RENEE MONTAGNE, HOST:
This is MORNING EDITION from NPR News. I'm Renee Montagne.
STEVE INSKEEP, HOST:
And I'm Steve Inskeep. Good morning.
China's government has, for the moment, defused a struggle over censorship. Journalists at Southern Weekly, which is one of China's boldest newspapers, are back to work after a week-long strike. They walked out after government censors replaced on of their editorials - an editorial that called for reforms.
The journalists returned to work with assurances that at least they will not be punished. Their strike sparked wider protests and a crackdown, and tells us something about China's new leaders.
NPR's Louisa Lim reports from Beijing.
LOUISA LIM, BYLINE: For a few days this week, demands for free speech spilled out onto China's streets; something that's rarely happened since the Tiananmen protests of 1989.
As Southern Weekly journalists in Guangzhou engaged in silent battle with officials inside their building, their advocates outside were louder. This shows the popular demand for civil rights, says Zhang Hong, the deputy editor of the Economic Observer in Beijing; he believes the dangers of silence now outweigh the risk of speaking out.
ZHANG HONG: If I am going to live in this country for the coming years, for my daughter who will live in this country for the coming decades, if we don't speak out, I can't imagine what kind of world it will be. So, it's risky, yes or no?
LIM: For days, messages supporting the journalists seemed everywhere; hidden acrostics on major websites; another paper printing a paean to porridge, a word that in Chinese sounds the same as Southern Weekly. It seemed to be a window of opportunity; then, it closed.
UNIDENTIFIED MAN: (Foreign language spoken)
LIM: Here a protestor in Guangzhou shouts that he's being kidnapped as he's bundled into a van by plainclothes police. Inside the building, journalists have struck an uneasy truce with censors.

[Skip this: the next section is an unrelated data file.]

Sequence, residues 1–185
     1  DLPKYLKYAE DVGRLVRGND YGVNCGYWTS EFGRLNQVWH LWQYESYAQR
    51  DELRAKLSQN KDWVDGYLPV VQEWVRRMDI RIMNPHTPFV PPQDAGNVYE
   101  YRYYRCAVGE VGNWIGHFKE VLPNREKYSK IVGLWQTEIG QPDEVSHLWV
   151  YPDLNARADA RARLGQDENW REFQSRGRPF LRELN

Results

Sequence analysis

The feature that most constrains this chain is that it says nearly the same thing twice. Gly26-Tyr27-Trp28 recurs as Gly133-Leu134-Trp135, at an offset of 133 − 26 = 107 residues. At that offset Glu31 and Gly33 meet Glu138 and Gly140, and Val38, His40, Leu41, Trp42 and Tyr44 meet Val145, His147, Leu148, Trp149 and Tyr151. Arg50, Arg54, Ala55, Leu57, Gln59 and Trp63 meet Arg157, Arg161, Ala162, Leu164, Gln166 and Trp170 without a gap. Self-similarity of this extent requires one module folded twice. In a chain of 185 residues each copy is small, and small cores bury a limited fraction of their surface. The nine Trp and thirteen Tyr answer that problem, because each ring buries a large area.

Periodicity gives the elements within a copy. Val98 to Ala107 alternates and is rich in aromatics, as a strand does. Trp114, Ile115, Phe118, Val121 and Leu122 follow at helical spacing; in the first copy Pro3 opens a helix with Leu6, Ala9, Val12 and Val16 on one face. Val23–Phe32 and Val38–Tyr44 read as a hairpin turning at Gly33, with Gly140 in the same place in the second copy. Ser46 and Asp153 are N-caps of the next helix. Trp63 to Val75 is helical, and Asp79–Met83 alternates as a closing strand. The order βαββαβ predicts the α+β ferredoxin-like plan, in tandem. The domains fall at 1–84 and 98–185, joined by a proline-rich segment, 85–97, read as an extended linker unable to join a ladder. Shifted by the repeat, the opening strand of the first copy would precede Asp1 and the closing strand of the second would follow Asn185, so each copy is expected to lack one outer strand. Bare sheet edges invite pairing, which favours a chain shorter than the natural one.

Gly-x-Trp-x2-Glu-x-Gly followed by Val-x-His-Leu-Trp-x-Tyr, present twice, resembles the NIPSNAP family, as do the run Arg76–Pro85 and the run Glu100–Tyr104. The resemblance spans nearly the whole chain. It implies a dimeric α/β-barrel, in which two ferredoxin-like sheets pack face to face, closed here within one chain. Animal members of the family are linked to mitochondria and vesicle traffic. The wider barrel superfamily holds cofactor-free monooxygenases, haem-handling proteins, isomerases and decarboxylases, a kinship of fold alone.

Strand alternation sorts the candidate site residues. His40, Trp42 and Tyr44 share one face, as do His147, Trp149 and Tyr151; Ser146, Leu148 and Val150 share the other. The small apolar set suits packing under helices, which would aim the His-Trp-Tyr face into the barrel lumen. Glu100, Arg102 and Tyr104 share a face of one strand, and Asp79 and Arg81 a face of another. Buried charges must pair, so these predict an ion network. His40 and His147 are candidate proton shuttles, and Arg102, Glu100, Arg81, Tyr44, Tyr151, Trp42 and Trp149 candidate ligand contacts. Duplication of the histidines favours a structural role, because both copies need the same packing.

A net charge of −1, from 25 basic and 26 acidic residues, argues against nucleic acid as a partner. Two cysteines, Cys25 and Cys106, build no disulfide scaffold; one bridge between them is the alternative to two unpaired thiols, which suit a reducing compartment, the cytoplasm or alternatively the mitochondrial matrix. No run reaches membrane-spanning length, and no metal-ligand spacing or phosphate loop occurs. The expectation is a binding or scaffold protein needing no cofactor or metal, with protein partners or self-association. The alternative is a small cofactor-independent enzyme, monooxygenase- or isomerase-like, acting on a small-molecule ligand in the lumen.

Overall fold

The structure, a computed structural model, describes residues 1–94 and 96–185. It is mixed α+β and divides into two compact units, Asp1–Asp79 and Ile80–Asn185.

The paper is back on the newsstands, without its political section. The message, Zhang says, is clear.
HONG: From this incident, we can see that the authorities have no intention to loosen their control on the media. They are not going to do what the people are looking forward to. They are not going to put the political reform on their agenda.
LIM: Now the machinery of state repression has swung into action. More than a dozen people were detained at the protests, some accused of illegal assembly. At least three celebrities say they've been called in by state security and warned off tweeting on the topic.
And in Hangzhou, 800 miles away from the protests, seven people were detained for holding a meeting to discuss free speech. I reached one of them, veteran activist Lu Gengsong, by phone. He's been warned he could be charged with inciting subversion.
LU GENGSONG: (Through Translator) After the new leadership came in, we thought Communist Party control might be more relaxed. We were holding an event to support Southern Weekly. We never imagined it would turn into such a huge deal, and we'd be detained.
LIM: Hopes had been high after a southern tour by China's new Communist leader, Xi Jinping. For Chinese people, the destination was symbolic, as the place where China's economic reforms began. For his part, Xi's launched a high-profile attack on official extravagance, signaling limited reform, according to Russell Leigh Moses of the Beijing Centre.
RUSSELL LEIGH MOSES: I think we're already looking at efforts at party reform. Political reform seems imply something larger, something deeper, something more extensive. We're not at that point now.
LIM: Others disagree. Huang Weiding is a retired publisher who's been consulted by the new leadership on ways to fight corruption. He says, in the Chinese context, party reform is political reform - the problem is how to change fast enough.
HUANG WEIDING: (Through Translator) In normal circumstances, reform is just tinkering with the system. You can't just replace the system. That would be revolution. Sometimes, people lack patience.
LIM: This week's collision between new media and old-school censorship shows how fast people's demands are changing. The danger facing China's new leaders is whether they can move quickly enough to fulfill those demands. Otherwise, more such clashes may loom.
Louisa Lim, NPR News, Beijing.
NPR transcripts are created on a rush deadline by a contractor for NPR, and accuracy and availability may vary. This text may not be in its final form and may be updated or revised in the future. Please be aware that the authoritative record of NPR's programming is the audio.